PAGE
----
China's Deadly Advantage in Driverless Cars
Transport safety advances the same way physicist Max Planck saw science progressing: one funeral at a time.
That's bad news for the people of China, whose roads are some of the world's most dangerous. But it's an advantage for the slew of Chinese companies racing to overtake Silicon Valley and Detroit in developing self-driving vehicles.
The risks on the country's roads are notorious, including horrific activities such as drivers intentionally killing pedestrians after hitting them to avoid liability for a lifetime of medical bills. There were an estimated 261,367 road deaths during 2013, according to the World Health Organization, equivalent to nearly eight years of fatalities at U.S. rates or 143 years in the U.K.
Adjusting for the number of vehicles on the road makes China look worse if anything. In the U.S., 12.85 people died for every 100,000 vehicles during 2013, compared with 104 deaths for every 100,000 in China. Among major economies, only India has a higher fatality rate 1 :
A paradoxical effect of that grim toll is that the hurdle to building a safer self-driving car in China is much lower than in the U.S.
As Gadfly wrote Tuesday, regulation is becoming as significant a barrier to developing autonomous vehicles in the U.S. as the technical challenges 2 . As a democracy, the country offers plenty of opportunities at the state and federal level for politicians to throw up roadblocks to new technologies.
``One small defect could lead to a massive safety crisis," Bill Nelson, the top Democrat on the U.S. Senate's commerce committee, told a hearing into driverless cars last month. "We must ask difficult policy questions and have frank discussions on what can go wrong and what can be done to prevent it."
The pressure to do that is only going to increase if self-driving cars start killing people, as they inevitably will.
Transport technologies go through a fairly well-understood learning curve. Accident numbers surge in the early years as adoption grows rapidly, then tail off as real-world experiences give engineers a better idea of what can go wrong. It took six decades of commercial aviation before peacetime fatalities reached their peak in 1972:
Rail transport showed a similar pattern, with the highest number of accidents occurring in the U.K. during the 1870s, four decades after the Liverpool and Manchester Railway kick-started the modern railway era.
A similar pattern shows up even in the more safety-critical, modern technology of robotic surgery, according to a study this month by researchers led by Homa Alemzadeh of the the University of Illinois at Urbana-Champaign 3 .
After 14 years of use, robot surgeons perform a bit better than humans in gynecology, but results have been more mixed in urology and somewhat worse in many specialized procedures, according to the analysis.
In the long run, the most widely used means of transport are astonishingly safe. With 641 fatalities over 6.2 trillion passenger kilometers during 2014, you could fly a distance equivalent to Pluto and back on commercial aircraft before your odds of being killed approached 1.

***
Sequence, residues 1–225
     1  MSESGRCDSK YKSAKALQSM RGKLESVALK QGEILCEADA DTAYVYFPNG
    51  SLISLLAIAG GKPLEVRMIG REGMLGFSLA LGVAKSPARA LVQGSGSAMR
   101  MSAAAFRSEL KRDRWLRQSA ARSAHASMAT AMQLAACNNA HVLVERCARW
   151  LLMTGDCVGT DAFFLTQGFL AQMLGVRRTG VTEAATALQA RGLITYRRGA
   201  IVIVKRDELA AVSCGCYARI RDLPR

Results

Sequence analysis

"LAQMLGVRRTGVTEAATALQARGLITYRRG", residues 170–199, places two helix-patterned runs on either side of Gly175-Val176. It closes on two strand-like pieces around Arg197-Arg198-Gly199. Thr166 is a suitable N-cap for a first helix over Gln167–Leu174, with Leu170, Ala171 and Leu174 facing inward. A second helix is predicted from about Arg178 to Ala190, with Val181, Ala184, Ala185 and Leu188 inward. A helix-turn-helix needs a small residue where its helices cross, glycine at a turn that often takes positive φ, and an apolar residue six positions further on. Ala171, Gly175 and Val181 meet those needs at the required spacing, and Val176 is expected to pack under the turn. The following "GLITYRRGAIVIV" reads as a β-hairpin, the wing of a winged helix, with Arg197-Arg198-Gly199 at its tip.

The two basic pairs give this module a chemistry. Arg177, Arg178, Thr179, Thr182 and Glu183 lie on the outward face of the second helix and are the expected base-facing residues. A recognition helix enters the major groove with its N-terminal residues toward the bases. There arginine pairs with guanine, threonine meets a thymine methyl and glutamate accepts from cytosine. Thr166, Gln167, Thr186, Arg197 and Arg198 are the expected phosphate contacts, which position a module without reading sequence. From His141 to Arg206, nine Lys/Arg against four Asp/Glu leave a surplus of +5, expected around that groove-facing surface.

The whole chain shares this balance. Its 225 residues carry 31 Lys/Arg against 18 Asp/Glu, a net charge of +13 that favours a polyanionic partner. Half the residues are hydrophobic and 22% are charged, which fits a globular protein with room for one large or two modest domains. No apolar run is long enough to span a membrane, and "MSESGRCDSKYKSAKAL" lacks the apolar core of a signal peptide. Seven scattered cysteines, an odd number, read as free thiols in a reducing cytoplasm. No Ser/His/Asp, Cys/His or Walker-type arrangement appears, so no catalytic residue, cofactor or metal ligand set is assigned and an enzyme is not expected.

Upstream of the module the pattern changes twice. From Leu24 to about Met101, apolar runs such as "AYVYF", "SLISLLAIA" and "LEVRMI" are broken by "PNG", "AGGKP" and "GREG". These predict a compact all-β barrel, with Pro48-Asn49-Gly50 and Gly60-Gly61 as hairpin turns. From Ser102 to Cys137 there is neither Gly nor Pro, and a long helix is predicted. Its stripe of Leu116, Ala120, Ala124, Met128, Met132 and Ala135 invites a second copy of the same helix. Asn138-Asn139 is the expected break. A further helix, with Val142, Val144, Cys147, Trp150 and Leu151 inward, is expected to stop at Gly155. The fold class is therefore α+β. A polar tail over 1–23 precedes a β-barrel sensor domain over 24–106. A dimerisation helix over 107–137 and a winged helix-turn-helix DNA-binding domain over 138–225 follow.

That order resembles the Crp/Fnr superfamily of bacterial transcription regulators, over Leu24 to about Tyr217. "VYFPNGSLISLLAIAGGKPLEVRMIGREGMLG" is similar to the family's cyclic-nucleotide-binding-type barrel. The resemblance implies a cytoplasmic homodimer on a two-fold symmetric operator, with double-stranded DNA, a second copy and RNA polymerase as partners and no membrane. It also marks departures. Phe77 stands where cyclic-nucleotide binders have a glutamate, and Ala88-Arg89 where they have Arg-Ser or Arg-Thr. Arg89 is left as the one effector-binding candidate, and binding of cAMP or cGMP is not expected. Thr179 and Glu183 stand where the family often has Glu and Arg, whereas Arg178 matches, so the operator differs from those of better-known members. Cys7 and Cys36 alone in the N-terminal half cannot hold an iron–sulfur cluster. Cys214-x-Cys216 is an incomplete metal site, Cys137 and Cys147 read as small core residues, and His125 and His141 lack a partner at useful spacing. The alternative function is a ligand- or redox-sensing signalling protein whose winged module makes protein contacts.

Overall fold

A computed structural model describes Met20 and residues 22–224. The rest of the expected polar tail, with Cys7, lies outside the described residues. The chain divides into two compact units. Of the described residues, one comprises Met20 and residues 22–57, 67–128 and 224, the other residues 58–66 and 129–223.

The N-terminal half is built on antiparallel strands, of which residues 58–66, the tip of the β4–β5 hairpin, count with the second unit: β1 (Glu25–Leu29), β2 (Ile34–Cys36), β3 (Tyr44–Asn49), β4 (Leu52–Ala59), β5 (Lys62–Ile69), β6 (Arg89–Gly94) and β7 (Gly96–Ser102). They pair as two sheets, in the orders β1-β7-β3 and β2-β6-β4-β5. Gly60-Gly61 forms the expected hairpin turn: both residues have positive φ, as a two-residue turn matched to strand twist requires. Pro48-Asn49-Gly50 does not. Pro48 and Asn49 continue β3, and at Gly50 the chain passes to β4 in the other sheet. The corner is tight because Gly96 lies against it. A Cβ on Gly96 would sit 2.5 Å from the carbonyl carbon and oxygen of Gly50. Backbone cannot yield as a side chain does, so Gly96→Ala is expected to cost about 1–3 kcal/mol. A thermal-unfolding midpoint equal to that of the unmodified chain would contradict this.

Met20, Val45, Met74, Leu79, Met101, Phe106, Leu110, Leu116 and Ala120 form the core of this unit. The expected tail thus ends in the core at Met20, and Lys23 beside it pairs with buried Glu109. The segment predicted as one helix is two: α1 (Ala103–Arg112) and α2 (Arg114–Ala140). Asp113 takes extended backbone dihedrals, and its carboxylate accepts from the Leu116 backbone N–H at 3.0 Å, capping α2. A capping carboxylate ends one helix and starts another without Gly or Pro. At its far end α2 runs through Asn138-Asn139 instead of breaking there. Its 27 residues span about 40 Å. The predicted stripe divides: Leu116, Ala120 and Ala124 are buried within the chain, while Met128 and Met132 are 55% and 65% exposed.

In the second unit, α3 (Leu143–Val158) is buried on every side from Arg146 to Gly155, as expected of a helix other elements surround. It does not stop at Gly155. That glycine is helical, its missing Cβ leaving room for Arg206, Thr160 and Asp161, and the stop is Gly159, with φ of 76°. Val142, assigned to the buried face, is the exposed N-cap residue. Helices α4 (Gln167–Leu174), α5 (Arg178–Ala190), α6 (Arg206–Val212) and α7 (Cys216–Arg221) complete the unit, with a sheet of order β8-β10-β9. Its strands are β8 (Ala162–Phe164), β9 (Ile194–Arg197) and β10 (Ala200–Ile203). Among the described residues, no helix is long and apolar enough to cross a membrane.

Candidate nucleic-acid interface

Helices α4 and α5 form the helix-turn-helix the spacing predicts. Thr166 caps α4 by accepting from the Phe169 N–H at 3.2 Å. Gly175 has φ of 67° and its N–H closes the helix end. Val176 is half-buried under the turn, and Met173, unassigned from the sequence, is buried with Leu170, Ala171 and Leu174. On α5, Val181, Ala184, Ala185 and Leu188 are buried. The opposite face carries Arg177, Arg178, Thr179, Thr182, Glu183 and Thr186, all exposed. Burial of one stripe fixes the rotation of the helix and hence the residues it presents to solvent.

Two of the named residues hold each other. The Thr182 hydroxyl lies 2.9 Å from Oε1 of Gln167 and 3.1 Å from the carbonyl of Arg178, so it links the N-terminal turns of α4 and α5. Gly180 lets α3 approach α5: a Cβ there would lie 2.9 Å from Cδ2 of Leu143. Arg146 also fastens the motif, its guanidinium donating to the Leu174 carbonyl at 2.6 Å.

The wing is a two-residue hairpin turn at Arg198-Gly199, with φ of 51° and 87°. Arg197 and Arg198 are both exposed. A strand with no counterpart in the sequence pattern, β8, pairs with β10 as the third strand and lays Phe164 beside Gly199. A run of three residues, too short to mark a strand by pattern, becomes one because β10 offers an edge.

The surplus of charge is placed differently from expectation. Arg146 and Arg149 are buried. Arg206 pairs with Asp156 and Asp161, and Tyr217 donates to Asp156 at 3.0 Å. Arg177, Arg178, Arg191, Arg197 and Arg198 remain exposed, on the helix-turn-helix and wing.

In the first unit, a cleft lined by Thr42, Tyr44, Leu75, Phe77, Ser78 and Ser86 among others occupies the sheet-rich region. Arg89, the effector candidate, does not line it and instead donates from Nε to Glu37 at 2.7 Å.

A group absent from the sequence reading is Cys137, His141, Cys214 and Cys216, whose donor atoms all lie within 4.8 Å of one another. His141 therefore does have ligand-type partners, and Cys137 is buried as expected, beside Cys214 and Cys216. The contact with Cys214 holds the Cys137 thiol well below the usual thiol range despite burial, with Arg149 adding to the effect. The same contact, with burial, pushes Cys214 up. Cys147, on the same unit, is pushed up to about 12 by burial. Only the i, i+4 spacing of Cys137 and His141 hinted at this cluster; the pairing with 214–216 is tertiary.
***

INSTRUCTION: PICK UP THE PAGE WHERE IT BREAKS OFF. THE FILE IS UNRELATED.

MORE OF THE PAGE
But getting to that point can be painful. For all the promise of Google's mining of test-drive data, the best way to find out what causes accidents, and how to prevent them, is to have accidents.
That's going to be time-consuming. It would require 275 million miles of test-driving to show that U.S. self-driving vehicles are as safe as conventional ones, the RAND Corporation's Nidhi Kalra wrote in a report this month. That's equivalent to 12.5 years of 24/7 driving with a fleet of 100 test cars, she said.
China isn't waiting so long: Internet search giant Baidu plans to develop a self-driving car within five years, and Ford's local partner Changan Automobile has already completed a 2,000-kilometer (1,200-mile) test drive from Chongqing to Beijing.
Google rebuffed Changan's overtures to collaborate on driverless car technology when the Chinese company visited Silicon Valley in January, the China Securities Journal reported this month. If U.S. companies want to maintain their lead in this field, they might want to reconsider that stance.
--With chart assistance by Rani Molla
If you include all members of the G-20 large-economies grouping, South Africa and Saudi Arabia also have fatality rates over 100 per 100,000 vehicles.
Google's cars have to pull over and stop in heavy rain because the sensor technology can't yet cope with the conditions, the company said in December. They also struggle to distinguish between a rock and a ball of scrunched-up newspaper left in the road, according to a 2014 article in Slate.
The numbers could be biased upwards or downwards due to the difficulties of apples-to-apples comparisons. Robotic surgery is likely to be more used in routine operations that have a lower incident rate. On the other hand, incidents are also more likely to be consistently reported because they all involve the same medical device.
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